I've spent the majority of the day reading this week's assignments for class so I don't have to worry about it at night. Constitutional interpretation isn't exactly the most exciting blog fodder, but it has sparked a whole new train of thought in me. A lot of this class has been discussing what the writers of the Constitution actually intended when they chose the words they did, and it's got me thinking about how twisted regular communication can get between people who generally mean well (or at least, I like to believe they mean well).
Thanks to the phenomenon of social media and advancement of technology, so much of our person-to-person communication nowadays has been reduced to text. And let's face it, it's really, really hard to be 100% clear on the intent behind your words when you're writing or texting instead of speaking right to the person.
Call me naive if you must, but I still somehow truly believe that people as a whole are good at heart. Over the past few months, there have been several arguments that I have been involved in where everything got blown way out of proportion because meaning or intent was misinterpreted. I'm an incredibly sensitive person, so I tend to take things that sound personal or hurtful as personal and hurtful, when the person who said them may not have meant them that way, right off the bat without stopping to think if I was jumping to conclusions. People, including me, are so short on time that they just get out what they need to say without being intentional about making themselves clear. I'm not saying that this is the cause of all inter-personal problems in the world, I'm not that naive, but I think if we all thought a little more about what we said, it would help things.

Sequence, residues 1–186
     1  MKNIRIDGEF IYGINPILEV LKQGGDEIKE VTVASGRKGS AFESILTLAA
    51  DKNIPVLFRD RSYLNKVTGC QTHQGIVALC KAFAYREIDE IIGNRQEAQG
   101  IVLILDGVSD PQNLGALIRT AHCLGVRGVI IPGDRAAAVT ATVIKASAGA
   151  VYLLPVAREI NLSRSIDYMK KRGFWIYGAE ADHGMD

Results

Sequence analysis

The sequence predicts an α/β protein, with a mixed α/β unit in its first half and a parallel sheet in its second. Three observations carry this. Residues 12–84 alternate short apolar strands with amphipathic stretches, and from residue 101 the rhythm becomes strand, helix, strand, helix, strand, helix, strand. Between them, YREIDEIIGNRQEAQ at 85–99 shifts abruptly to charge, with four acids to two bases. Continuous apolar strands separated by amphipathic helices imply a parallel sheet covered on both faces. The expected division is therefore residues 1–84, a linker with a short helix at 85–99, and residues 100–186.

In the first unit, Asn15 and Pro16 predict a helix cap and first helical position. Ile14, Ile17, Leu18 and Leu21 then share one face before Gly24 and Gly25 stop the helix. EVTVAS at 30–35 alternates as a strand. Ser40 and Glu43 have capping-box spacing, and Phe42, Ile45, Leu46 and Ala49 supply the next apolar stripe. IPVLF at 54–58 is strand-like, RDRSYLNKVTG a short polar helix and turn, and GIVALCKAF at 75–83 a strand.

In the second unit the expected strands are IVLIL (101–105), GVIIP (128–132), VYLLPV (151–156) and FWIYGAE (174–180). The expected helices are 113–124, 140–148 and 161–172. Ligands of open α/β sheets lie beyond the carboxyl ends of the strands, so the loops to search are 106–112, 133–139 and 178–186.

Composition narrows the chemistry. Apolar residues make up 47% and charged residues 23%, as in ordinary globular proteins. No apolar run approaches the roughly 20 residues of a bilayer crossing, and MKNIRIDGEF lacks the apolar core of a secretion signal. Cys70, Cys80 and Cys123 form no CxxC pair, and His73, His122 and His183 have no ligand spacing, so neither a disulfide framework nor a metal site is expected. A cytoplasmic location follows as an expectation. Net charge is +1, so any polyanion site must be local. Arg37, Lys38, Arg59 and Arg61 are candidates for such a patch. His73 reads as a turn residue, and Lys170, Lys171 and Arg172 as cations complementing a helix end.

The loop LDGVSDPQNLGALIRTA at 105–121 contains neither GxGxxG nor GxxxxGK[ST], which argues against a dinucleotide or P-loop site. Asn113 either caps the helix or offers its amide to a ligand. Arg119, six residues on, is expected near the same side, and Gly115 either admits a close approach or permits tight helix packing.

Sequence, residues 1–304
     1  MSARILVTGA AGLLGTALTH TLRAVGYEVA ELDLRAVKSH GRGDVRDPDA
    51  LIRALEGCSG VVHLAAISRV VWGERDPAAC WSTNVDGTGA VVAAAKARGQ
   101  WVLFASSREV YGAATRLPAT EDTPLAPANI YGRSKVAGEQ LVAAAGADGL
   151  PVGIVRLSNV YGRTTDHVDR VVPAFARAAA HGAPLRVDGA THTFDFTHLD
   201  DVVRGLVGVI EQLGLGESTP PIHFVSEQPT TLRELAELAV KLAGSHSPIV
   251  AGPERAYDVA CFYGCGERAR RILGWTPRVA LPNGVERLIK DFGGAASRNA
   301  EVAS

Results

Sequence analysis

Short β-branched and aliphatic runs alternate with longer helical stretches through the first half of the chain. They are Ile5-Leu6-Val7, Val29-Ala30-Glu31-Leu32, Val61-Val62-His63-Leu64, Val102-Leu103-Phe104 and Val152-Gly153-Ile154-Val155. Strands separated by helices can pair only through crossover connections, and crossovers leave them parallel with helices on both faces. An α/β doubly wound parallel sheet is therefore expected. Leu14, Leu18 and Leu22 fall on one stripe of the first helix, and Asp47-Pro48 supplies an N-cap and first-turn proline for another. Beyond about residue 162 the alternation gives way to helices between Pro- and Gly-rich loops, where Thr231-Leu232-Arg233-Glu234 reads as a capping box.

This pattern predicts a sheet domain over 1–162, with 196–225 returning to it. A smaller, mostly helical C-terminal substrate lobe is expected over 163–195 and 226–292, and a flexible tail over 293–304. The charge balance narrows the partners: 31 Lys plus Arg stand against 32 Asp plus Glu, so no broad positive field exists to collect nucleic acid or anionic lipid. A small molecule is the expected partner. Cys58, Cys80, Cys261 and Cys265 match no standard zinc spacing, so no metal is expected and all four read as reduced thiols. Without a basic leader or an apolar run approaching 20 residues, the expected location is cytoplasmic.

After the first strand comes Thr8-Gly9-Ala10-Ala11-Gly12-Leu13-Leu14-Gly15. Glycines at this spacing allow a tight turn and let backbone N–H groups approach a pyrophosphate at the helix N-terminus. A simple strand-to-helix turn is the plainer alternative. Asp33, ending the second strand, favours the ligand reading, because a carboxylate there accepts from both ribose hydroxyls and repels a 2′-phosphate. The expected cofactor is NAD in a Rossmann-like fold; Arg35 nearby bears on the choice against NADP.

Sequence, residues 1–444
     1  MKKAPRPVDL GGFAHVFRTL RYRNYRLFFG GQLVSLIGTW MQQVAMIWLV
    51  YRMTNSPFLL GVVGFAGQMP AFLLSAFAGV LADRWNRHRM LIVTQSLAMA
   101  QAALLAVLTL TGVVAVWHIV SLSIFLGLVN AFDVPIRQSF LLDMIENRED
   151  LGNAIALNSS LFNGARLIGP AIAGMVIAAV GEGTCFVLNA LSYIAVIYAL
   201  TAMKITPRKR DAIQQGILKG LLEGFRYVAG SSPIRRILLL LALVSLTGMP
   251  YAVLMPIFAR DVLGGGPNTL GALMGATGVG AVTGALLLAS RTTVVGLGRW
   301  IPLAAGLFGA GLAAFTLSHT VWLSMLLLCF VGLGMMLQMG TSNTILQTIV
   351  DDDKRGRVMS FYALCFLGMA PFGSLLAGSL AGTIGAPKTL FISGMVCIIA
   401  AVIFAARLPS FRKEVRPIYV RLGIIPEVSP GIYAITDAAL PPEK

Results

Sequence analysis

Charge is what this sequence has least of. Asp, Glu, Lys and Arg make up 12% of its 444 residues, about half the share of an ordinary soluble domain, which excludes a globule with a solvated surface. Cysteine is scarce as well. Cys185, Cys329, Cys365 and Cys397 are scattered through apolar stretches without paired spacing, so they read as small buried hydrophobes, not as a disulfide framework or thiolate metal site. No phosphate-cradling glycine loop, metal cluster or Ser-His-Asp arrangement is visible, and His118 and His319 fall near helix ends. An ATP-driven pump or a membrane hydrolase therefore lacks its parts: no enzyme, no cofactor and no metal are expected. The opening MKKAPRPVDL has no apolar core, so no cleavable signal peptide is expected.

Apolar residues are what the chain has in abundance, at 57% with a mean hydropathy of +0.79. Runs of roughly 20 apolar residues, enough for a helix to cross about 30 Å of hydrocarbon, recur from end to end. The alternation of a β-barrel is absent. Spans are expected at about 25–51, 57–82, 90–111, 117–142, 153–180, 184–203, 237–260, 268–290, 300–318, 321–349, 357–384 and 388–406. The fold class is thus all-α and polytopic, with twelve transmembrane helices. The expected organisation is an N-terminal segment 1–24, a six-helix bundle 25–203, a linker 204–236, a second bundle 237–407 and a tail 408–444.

People often tell me that I'm good with words, but that's usually people who read this blog saying that. Truth be told, I struggle with tact in face-to-face conversation a good bit of the time. It's not that I'm mean, I just don't think about how what I want to say might come off to other people because, well, they're not in my head. It's usually when my temper gets the best of me, really, and I know that's probably a big problem for a lot of people, but I have some friends who handle rude comments with such grace and thick skin, so I know it's possible to change. When Chelsea comes at me with her verbal abuse, and I lose my temper, I stoop to her level. As a Christian, I'm supposed to be above that, and for too long, I've used my humanity as an excuse. Being human isn't an excuse for sin, otherwise there wouldn't be the kind of punishment that there is for sin that goes without repentance.
If I'm truly sorry to God for the way I've treated certain people, specifically my sister, then I have another job - try to be better next time. Think about what I'm about to say and whether it shows her the God that I want to pour out of me. The Bible says over and over and over again that we are supposed to use our words to lift others up and encourage them. That doesn't include some corollary that reads "but only the people that do the same for you." God doesn't work with corollaries; He is about universal love, even the ones my human heart wants to deem "unlovable" because, guess what? My sin makes me just as unlovable as her, and He loves me, anyway.
I can't sit here and play games in my own head with questions like "how different would our family be if I'd learned this lesson sooner?" I can't change the past, but I can stop letting it dictate the future. I have so many people who encourage me on a daily basis, even when I was pretty hard to deal with. That is a blessing from God, and blessings aren't meant to be for keeps. That kind of blessing is something that I'm supposed to share with others, and not just other Christians who will probably already get what it is, but more specifically the people who don't know the God that I love so much. I need to show it to them in such an intense and God-breathed way that they stop and question what makes me the way I am so that, maybe, they'll see God in me.
It all starts with the words I choose to say. Am I going to encourage the people I face, or tear them down as soon as I feel threatened or hurt? Actions may speak louder than words, but words still say a lot.